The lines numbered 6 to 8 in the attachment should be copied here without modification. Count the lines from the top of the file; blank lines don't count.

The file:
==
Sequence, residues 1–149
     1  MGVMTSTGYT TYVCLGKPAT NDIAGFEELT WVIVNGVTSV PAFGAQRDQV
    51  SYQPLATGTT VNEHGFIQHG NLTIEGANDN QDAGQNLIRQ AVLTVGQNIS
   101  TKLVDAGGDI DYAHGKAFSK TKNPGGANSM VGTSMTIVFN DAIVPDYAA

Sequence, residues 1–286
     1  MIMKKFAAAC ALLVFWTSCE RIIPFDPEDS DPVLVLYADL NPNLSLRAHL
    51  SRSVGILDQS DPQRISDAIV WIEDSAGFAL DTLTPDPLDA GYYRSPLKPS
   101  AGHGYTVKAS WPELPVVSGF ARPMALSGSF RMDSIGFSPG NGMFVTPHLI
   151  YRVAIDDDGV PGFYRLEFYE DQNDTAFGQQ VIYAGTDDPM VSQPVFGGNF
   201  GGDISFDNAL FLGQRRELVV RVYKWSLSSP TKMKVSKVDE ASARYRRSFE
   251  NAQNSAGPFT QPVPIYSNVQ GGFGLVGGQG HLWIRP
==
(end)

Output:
     1  MIMKKFAAAC ALLVFWTSCE RIIPFDPEDS DPVLVLYADL NPNLSLRAHL
    51  SRSVGILDQS DPQRISDAIV WIEDSAGFAL DTLTPDPLDA GYYRSPLKPS
   101  AGHGYTVKAS WPELPVVSGF ARPMALSGSF RMDSIGFSPG NGMFVTPHLI